If you notice that your plant is otherwise healthy but is not producing much new growth, it is good to check the roots.
There is a chance that the plant has begun to get root bound when the root becomes tangled and fills up the entire pot, and there is hardly any soil left.
While repotting, choose a pot no more than 2 inches larger than the existing pot.
5. Feed the plant
One more hindrance for the plant to produce big leaves can be insufficient nutrient availability in the soil.
Every plant needs several micronutrients and macronutrients to grow.
Minerals like calcium, zinc, iron, potassium, phosphorous, manganese, magnesium, and nitrogen all are vital food for plants to grow and carry on their activities.
While plants growing in the wild have unlimited access to nutrients present in the soil, plants in containers have no access and solely depend on the soil present inside the pot, which is why the soil you use must have fertile nutrients and minerals.
If you are newly plating the plant, ensure that the soil has sufficient access to all the essential nutrients.
Adding compost to the soil helps to improve its quality and provides the plant with essential nutrients.
However, if your plant has been growing in soil for a long time, it is highly recommended that you fertilize the soil every year during the growing months and change the plant’s soil every two years to replenish it with minerals and nutrients.
For Monstera plants, fertilizer rich in nitrogen and phosphorous is essential for foliage growth.
Use an all-purpose fertilizer with NPK 20-20-20 once every 6-8 weeks in the growing season, and do not feed it in the winter.
Also, if you have an aquarium at home, you can use its water to water your plant, as it contains many rich natural minerals.
6. Use good-quality water
Though this is not common at certain places where tap water contains, it may compromise hard water and the plant’s health.
Tap water contains minerals like chlorine and fluoride that is extremely harmful to the plant’s health and can adversely affect the plant.
Hard water also leads to buildups in the soil over time and can lead to salt accumulation which obstructs essential minerals from seeping into the plant.
It is best to use filtered water or rainwater for your plants.
You can collect the water in a bucket if you use tap water, let it sit overnight so that the minerals fall at the bottom, and then use the water from the top to water the Monstera.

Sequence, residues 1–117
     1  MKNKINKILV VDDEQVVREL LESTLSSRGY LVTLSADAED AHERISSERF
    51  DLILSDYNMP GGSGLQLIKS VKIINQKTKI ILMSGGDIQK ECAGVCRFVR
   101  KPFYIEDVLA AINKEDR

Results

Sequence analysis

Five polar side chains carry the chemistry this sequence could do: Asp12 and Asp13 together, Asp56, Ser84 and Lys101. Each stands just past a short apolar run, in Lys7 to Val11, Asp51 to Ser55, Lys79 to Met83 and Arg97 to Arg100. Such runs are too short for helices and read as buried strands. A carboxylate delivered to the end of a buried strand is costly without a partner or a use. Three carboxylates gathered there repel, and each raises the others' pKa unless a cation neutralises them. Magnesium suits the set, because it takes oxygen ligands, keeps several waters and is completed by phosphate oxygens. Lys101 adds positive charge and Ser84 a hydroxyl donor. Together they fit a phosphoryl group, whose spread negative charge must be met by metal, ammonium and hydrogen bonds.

7. Maintain the correct temperature and humidity
Since Monstera plants belong to tropical regions, they have a lot of humidity around in the air, so you must mimic the plant’s natural conditions as best as possible.
The ideal temperature to grow Monstera is between 68-86°F.
It does not like too much cold and dry weather, and using a humidifier, especially in winter, is an effective option to give your Monstera the moisture that it needs around in the air.
Also, grouping your plants improves the humidity in the air and mimics the natural environment around the plant.
Misting your Monstera also helps in increasing the humidity around the plant.
8. Provide some support
Monsteras are climbers, so giving them some support is essential.
Supporting them helps the plant mimic their natural habitat as they use their aerial roots to cling to the support and climb faster.
Plants that get support can grow faster and get stronger and bigger leaves.
As the leaves begin to get bigger, they start to droop under the weight of the leaves, so supporting them helps them grow up rapidly.
Using bamboo stakes and moss poles is the most common way to support the plant.
9. Magic powder
Some Monstera owners vouch for this magic powder that gives their Monstera huge lush, healthy leaves.
The formula is to mix 1 tablespoon of Epsom salt in 1 gallon of water and spray it judiciously on your Monstera once every month.
10. Clean the leaves
Plants soak in sunlight through their leaves, so keeping them clean and free of dust accumulation is crucial.
It helps the plant absorb the maximum amount of sunlight and nutrients through the leaves, which helps to photosynthesize efficiently.
If dust covers the leaves, the sunlight is blocked on the surface and does not get absorbed fully.
Wiping the leaves with water and microfiber cloth every week is highly recommended.
It not just keeps them clan but also prevents pest attacks.
11. Get older plants
If you want a bigger and bushier plant, you should get an older plant at least 2-4 years old and 2-4 feet tall from the nursery.
New young plants take time to reach maturity, so you can instead get an older, more mature plant.
12. Prune the plant
Pruning is an important part of the plant if you want bigger leaves.
Trim off the older, sick, and smaller leaves from your plant, which unnecessarily absorb the plant’s energy to make space for new healthy growth.
Ensure the pruners you use are clean and sanitized to prevent the spread of germs.
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The process of leaf unfurling
One of the most exciting things about Monstera plants is watching the new leaf’s maturity process.
The tiny green shoots appear at the nodes, elongating over time and forming small buds.
This is a long process, so do not expect an overnight leaf unfurl; it may take several days or weeks.
Once the leaf unfurls, leaves stay thin papery, and waxy, in lighter shades of green until they harden and start growing in size and thickness and reach a more mature dark green color.
It is also important to note that all the leaves may not have fenestrations, and until they are unfurled, it is difficult to say which one will have the famous splits.
Should I cut small leaves off Monstera?
If you feel that the small leaves are using too much energy from your Monstera, you can consider pruning them.
However, do not prune too many leaves at once.
And avoid pruning the young leaves as they can grow big as they mature and provide a lot of food to your Monstera.
Remember, giant leaves are a sign of a happy and flourishing Monstera which means if your plant gets the right conditions, it might show its happiness through its huge leaves.
Right water, ample light, proper feeding, and setting up a comfortable condition for your plant is highly important, and your plant will reward you with huge happy leaves.
Sources: Leaf morphogenesis in Monstera, Monstera overview, Common insect pests and diseases